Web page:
In a study conducted in the 1970s, for instance, two physiologists discovered that when the brain sent messages to the heart, “the heart did not automatically obey the messages. Sometimes the heart sped up, while other times it slowed down, indicating that the heart itself has its own type of intelligence”. 
That said, the study of the brain is a relatively new science, while our knowledge of the heart and soul will always be limited as the Qur’an has mentioned:
“And they ask you, [O Muhammad], about the soul. Say, “The soul is of the affair of my Lord. And mankind have not been given of knowledge except a little.” [Qur’an: Chapter 17, Verse 85].
In a hadith found in the book “Purification of the Heart” by Imam Al-Mawlud, it is written that no one fully believes until his desires [and thus, actions] are in accordance with what the Prophet had brought [Imam Nawawi, #41]. Due to this, Imam al-Mawlud explained that there is thus no salvation “like the heart’s salvation, given that all the limbs [and organs] respond to its desires”.
The basic rule then, according to Imam al-Mawlud, is to ask Allah for assistance, and then work to consistently purify the state of our hearts.
This is the fourth of a series of 7 articles on ‘Productive Thinking’. The series aims to address the challenges that Muslims face on many different levels when it comes to productivity. These levels include: the mental, emotional and physical levels. This series will tackle thinking and mindset on the mental level; negative emotions like anxiety, stress, low self-esteem, fear, etc., on the emotional level; and habits on the physical level. (Part 1 | Part 2 | Part 3)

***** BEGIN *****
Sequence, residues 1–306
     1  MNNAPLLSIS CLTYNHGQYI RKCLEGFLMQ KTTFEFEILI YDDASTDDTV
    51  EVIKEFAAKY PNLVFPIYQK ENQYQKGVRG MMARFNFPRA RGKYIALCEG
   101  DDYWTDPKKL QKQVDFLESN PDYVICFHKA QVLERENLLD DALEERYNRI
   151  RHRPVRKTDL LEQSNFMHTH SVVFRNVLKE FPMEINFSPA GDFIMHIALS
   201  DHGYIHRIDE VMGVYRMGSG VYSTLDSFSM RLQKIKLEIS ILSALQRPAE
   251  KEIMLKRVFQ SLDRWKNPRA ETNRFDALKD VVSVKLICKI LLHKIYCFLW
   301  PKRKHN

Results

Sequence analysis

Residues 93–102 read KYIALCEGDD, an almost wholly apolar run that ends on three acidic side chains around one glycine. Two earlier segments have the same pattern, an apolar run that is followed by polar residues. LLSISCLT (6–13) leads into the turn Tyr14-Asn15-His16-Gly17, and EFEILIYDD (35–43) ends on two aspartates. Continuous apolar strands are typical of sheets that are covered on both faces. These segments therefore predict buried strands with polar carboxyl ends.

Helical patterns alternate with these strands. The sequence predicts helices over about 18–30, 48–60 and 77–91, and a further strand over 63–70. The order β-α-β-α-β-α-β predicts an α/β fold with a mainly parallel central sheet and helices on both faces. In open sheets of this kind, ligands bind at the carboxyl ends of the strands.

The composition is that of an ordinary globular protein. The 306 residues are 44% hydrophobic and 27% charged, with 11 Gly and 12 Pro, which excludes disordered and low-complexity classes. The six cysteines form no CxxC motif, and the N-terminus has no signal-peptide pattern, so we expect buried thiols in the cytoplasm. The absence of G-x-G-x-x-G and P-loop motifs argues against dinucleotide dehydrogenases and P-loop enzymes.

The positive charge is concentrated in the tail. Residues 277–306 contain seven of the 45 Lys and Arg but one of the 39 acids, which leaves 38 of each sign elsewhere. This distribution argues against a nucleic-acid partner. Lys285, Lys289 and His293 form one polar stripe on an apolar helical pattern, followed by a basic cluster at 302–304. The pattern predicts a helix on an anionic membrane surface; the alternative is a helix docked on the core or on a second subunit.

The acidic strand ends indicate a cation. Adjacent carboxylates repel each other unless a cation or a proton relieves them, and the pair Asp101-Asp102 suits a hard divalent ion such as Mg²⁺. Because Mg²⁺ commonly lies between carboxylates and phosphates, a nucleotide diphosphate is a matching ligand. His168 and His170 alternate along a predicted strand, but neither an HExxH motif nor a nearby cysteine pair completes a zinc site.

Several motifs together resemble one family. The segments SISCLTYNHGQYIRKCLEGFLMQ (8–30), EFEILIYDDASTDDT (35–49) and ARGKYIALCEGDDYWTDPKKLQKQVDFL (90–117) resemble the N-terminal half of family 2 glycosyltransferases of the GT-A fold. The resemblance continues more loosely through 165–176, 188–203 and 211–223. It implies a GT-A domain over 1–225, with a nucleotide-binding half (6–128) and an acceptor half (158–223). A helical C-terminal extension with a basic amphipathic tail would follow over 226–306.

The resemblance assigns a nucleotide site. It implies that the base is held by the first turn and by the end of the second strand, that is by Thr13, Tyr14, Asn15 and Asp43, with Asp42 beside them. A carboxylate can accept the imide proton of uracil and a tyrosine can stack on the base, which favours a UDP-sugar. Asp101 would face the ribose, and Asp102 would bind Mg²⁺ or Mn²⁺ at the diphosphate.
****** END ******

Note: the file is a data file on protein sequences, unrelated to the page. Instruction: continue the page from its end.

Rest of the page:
This article covers the underlying fears that we have when it comes to taking action and being productive. I will also share practical strategies to deal with and overcome any fears.
A few of the main challenges when it comes to productivity are procrastination, being overwhelmed and self-sabotage. Most people try to learn new systems, tools and techniques to overcome these challenges without fully understanding the challenges. In the first article, we talked about the four dimensions that we live in, namely spiritual, mental, emotional and physical. Tools and techniques are important but if we don’t understand the unconscious fears that are triggering these fear responses, then we will not be as effective as we could be in doing our best to be productive.
So why are we talking about fear? It is because fear is the reason behind why we procrastinate and the underlying factor behind many things that we do to procrastinate. By understanding and having some awareness around what fear is and how fear gets to us, we’ll be more aware and better equipped to deal with any challenges. Awareness is the key. With awareness, change is possible.
The Nature of Fear
Most common fears that cause us to procrastinate are:
- Fear of failure
- Fear of rejection
- Fear of loneliness
- Fear of criticism
- Fear of making a mistake
- Fear of making the wrong decision
- Fear of unworthiness
- Fear of success
- Fear of disappointment
- Fear of the unknown
- Fear of being uncomfortable